If you grew up in the Christian tradition, it’s the first day of Advent. If you didn’t, it’s Wednesday.
I did grow up going to church, following the Christian calendar and celebrating the four weeks of waiting leading up to Christmas. Even though I don’t go to church anymore and don’t find much about organized religion to follow, I love this season. I love to put up my little Nativity set, contemplating the state that young mother must have been in during these last few weeks. I love my Advent wreath and lighting the candles every night. I love the idea of intentionally waiting for something or someone to arrive; in this case, a baby, which is something so many of us can relate to.
Advent is defined as “the arrival of a notable person, thing or event.”
In many ways, COVID and all its variants has put the entire world into a long season of advent. We are waiting for the arrival of a return to “normal,” whatever normal is or was. We’re all living in various forms of “not yet” and “maybe next season.” I suppose in the Western world, we’re waiting to have, be and do anything we want whenever we want to. It might not be such a terrible thing if that doesn’t return entirely.
In my own world, I’m waiting, too. Waiting to give this big talk next week that I’ve been working on in one form or fashion since this spring. Waiting to see if this moment is the fork in the road I believe it is: the one where I get to make a choice about forward movement that looks different from any path I’ve ever been on. And yet, it’s exactly because of the path I’ve been on for 26 years that I’m now coming up to this particular fork.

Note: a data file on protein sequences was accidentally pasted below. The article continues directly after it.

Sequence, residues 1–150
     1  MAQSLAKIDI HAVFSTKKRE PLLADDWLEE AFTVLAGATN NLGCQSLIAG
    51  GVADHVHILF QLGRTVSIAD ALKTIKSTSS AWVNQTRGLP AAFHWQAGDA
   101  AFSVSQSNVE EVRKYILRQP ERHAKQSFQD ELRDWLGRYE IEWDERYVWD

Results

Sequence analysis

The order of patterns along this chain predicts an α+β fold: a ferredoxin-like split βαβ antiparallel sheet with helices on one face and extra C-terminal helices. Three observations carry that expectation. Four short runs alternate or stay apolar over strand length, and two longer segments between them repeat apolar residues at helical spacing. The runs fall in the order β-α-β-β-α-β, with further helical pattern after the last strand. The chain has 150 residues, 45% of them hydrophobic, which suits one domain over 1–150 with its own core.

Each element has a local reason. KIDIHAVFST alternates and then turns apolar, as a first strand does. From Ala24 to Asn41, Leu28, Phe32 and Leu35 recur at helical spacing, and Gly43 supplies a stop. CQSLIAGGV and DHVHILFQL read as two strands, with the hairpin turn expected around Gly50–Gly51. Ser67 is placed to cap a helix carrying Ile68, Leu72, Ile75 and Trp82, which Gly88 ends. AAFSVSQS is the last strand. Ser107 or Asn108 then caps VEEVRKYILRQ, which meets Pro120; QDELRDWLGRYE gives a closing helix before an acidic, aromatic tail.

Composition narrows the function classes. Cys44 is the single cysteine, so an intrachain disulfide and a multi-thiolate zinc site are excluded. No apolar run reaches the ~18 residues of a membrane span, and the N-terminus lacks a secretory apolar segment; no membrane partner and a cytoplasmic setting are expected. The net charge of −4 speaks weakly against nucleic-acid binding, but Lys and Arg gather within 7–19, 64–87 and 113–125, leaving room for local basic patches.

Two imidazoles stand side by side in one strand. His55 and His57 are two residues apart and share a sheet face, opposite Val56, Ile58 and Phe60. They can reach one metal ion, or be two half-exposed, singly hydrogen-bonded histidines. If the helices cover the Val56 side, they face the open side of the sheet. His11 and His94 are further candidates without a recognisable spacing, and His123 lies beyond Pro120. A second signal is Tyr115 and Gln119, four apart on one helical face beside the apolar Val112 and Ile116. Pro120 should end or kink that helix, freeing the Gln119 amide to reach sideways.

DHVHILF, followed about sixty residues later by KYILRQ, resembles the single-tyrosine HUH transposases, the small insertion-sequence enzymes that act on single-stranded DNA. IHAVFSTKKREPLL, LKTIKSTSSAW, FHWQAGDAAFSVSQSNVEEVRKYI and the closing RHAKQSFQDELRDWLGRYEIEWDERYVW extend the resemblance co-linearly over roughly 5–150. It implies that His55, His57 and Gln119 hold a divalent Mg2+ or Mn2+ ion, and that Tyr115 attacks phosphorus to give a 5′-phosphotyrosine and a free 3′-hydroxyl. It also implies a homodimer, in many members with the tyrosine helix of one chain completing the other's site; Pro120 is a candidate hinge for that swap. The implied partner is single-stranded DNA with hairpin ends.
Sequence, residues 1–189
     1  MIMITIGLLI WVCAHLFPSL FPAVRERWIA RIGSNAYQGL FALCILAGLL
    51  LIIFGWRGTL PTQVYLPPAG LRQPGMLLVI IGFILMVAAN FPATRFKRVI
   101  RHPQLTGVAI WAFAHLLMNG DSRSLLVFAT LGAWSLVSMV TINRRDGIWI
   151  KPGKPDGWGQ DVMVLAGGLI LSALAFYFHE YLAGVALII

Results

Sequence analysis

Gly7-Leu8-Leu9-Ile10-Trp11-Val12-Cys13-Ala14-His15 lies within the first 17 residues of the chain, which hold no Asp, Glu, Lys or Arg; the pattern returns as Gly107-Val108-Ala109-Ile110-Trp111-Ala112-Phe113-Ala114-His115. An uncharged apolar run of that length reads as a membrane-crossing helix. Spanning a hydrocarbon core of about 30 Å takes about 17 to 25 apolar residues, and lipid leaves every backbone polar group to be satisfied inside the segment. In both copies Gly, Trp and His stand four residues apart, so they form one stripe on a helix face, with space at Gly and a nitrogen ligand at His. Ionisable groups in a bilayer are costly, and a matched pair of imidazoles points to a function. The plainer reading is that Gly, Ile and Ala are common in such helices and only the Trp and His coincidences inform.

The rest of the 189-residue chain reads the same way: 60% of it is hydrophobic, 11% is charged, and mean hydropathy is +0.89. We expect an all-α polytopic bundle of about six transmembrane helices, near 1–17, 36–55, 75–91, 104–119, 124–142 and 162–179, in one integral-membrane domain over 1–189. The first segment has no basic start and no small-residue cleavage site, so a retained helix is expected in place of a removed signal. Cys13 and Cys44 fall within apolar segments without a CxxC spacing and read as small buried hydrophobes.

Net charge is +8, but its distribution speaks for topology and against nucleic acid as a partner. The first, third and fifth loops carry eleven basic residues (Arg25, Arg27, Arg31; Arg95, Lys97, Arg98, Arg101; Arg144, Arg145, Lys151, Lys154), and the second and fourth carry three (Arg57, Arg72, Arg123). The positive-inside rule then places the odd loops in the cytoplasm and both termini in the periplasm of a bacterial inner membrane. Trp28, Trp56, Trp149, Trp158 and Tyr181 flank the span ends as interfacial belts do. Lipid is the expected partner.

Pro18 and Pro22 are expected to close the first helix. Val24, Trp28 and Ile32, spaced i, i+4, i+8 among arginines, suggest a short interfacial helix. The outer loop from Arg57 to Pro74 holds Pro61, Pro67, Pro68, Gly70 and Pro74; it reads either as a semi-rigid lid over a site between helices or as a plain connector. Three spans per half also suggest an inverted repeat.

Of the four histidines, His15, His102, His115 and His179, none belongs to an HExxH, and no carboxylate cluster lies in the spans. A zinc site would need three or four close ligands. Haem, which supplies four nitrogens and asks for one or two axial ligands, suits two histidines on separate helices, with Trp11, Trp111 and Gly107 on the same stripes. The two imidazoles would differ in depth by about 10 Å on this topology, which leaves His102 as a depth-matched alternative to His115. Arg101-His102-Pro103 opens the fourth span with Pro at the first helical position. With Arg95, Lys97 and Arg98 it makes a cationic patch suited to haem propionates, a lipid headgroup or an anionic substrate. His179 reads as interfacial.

Waiting is a peculiar thing: we spend so much of our lives waiting for…something. Waiting to be asked out by the person we have a crush on. Waiting to graduate and get out of our small town. Waiting to get that job or pay raise. Waiting to get married, have a baby, get divorced, be an empty nester. Waiting for the call from the doctor’s office. Waiting until the time is right to make that big move. Waiting. Always waiting.
Here’s what I didn’t realize until I started putting together this talk: real life is happening while we’re waiting for our imagined life to start. For all the many years I waited to be a movie star, I was raising a child, falling in love, getting lots of education, taking care of and losing parents and grandparents, finding new challenges and so much more. But because none of that looked like what I thought I was waiting for, I dismissed it as filler until my real life could begin. Of course in looking back, I see I was living a life that looked nothing like what I thought I wanted and yet, it provided so much of what I needed and brought me joys and sorrows I never could have imagined.
And now, I’m standing at this fork, realizing there’s a possibility of change, growth and disruption. If that comes, it will bring its own joys and sorrows because that’s what life is. If this talk is just a talk, and I leave the conference and go back to my normally scheduled life, that will bring its own set of joys and sorrows, too. But either way, I will move forward, waiting for the next opportunity, the next joy, the next challenge. And either way, I will be living my life because the definition of advent is an ongoing piece of being alive. Our job is not to miss the living that occurs while we wait.